Showrunner explains how Batwoman’s historic coming out affects the series
Last night, another LGBTQ+ milestone has been achieved on television in the form of the Batwoman‘s tenth episode titled “How Queer Everything Is Today,” featuring Batwoman as the first superhero to officially come out to the world as a lesbian.
In episode 10, after hearing the heartbreaking story of a teenage girl whose parents refuse to accept her real sexuality, Ruby Rose’s Kate Kane realizes that she can’t fully become a true hero if she can’t be true to herself. That is why, despite the huge risk to the secrecy of her real identity, Kate Kane decided to make a public statement about her alter-ego’s true sexuality through a historic reveal in a Catco magazine article written by friend and fellow superhero Kara Danvers/Supergirl.
Speaking with The Hollywood Reporter, showrunner Caroline Dries, who wrote the tenth episode, has finally opened up about the big reveal, confirming that it will surely impact the show’s future storylines which will mainly affect the safety of Batwoman’s secret identity.
Obviously, it reveals a huge piece of her “identity.” Dries said. “Like what Luke was saying at the beginning, it’s great to have this misinformation out, because it just confuses things. Now, it’s basically saying we just narrowed down the population quite a bit [regarding the masked hero’s identity]. That is one thing that will work its way into the story. The other thing is, and Vesper Fairchild [Rachel Maddow] says it in the voiceover, “What happened to politics staying out of our superheroes?” What will ultimately happen is that the GCPD, who is in charge of the Bat Light, becomes a little conflicted about what statement they are making now when they put the light. “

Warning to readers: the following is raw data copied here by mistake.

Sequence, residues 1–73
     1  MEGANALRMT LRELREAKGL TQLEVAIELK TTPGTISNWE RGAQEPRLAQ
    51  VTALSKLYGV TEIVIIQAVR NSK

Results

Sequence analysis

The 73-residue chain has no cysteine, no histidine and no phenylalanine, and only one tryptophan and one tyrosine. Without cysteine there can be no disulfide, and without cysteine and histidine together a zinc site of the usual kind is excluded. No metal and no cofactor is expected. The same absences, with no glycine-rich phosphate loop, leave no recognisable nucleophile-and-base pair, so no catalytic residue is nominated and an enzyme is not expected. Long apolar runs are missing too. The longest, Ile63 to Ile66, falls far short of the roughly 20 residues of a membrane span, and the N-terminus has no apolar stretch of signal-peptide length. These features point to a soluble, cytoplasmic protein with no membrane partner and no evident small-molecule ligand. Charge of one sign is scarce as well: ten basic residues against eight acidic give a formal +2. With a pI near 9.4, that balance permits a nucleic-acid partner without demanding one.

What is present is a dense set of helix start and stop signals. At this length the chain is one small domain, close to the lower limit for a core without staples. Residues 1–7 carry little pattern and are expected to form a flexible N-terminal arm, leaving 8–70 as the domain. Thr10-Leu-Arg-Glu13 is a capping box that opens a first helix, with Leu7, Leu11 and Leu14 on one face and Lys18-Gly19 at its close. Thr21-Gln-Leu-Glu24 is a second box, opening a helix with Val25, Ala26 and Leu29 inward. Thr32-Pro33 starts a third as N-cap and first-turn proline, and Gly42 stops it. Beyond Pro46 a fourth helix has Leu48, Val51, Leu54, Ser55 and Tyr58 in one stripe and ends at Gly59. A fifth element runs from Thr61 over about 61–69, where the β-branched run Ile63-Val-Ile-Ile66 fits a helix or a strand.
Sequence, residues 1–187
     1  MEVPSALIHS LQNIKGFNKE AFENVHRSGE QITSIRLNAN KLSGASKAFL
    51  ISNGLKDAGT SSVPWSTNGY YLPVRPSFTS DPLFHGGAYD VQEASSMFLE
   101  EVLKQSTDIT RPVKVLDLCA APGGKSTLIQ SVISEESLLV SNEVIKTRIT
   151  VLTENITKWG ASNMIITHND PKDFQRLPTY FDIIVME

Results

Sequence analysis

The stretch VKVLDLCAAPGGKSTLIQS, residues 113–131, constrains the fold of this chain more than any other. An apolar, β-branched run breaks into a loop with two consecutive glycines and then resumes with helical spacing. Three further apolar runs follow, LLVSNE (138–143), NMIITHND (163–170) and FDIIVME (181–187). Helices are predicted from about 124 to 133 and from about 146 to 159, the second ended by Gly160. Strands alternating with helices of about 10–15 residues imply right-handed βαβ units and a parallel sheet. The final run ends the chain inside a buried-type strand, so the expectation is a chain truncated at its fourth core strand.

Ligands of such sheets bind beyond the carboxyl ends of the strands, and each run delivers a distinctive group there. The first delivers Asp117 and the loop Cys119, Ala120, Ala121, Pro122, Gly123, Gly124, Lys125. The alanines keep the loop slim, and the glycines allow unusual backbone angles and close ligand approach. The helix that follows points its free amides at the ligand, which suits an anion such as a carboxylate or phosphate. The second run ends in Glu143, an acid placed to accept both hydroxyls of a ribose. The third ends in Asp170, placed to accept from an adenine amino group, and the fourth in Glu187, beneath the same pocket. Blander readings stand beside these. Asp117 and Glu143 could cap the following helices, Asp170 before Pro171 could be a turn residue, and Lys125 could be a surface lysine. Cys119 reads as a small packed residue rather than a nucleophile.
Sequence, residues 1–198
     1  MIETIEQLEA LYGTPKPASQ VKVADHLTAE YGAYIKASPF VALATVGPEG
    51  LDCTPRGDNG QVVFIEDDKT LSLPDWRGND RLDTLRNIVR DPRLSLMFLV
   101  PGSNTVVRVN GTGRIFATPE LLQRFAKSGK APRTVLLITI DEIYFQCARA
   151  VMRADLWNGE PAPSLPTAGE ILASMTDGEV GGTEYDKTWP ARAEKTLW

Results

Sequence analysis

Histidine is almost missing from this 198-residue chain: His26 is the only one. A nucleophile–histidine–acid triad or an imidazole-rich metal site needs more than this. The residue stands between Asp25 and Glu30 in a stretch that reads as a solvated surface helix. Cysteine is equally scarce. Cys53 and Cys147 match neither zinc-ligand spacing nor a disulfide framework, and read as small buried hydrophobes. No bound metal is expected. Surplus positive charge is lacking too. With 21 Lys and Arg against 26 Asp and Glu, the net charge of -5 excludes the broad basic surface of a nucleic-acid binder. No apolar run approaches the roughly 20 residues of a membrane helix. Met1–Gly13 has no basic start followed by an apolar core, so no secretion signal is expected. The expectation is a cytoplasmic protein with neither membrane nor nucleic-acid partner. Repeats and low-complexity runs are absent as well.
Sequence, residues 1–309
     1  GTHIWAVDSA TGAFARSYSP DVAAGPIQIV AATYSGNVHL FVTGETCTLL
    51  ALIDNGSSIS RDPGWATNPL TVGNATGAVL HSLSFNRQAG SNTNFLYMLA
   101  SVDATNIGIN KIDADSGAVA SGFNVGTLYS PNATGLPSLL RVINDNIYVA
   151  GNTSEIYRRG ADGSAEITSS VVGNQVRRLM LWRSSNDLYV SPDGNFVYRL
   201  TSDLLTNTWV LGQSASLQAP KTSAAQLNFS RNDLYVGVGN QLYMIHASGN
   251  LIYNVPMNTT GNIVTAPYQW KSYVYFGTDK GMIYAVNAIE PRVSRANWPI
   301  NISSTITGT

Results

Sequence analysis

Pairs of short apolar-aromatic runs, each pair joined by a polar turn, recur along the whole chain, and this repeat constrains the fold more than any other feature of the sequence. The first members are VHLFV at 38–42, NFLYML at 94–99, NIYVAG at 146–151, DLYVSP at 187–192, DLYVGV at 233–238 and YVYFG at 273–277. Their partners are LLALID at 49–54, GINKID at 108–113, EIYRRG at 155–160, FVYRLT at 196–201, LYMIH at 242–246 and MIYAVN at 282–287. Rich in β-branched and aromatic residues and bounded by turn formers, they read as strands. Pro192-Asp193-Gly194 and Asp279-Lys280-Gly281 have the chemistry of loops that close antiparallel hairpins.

Dries has also teased the possibility of introducing new LGBTQ characters from the comics in the next season with Safiya Sohail, who was Kate’s former lover in the comics, as one of the characters who is probably making an appearance in the future.
“We are looking to bring in, I won’t say who, but a character we’ve seen before, who’s LGBTQ. We don’t have any villains in the roster right now that are [LGBTQ]. But, we’ve mentioned somebody from the comics in episode seven, a woman named Safiyah, and we are going to hear that name a few more times in the future. And, if you follow the comics, she has a very taut and dramatic relationship with Kate. So that is a character we wanted to explore.”
Based on the characters from DC, Batwoman is from Berlanti Productions in association with Warner Bros. Television with executive producers Greg Berlanti, Caroline Dries, Geoff Johns, and Sarah Schechter. David Nutter and Marcos Siega executive produced the pilot.
New episodes of Batwoman premiere every Sundays on The CW at 8 PM ET, followed by Supergirl at 9.
Showrunner Talks Batwoman's Historic Coming Out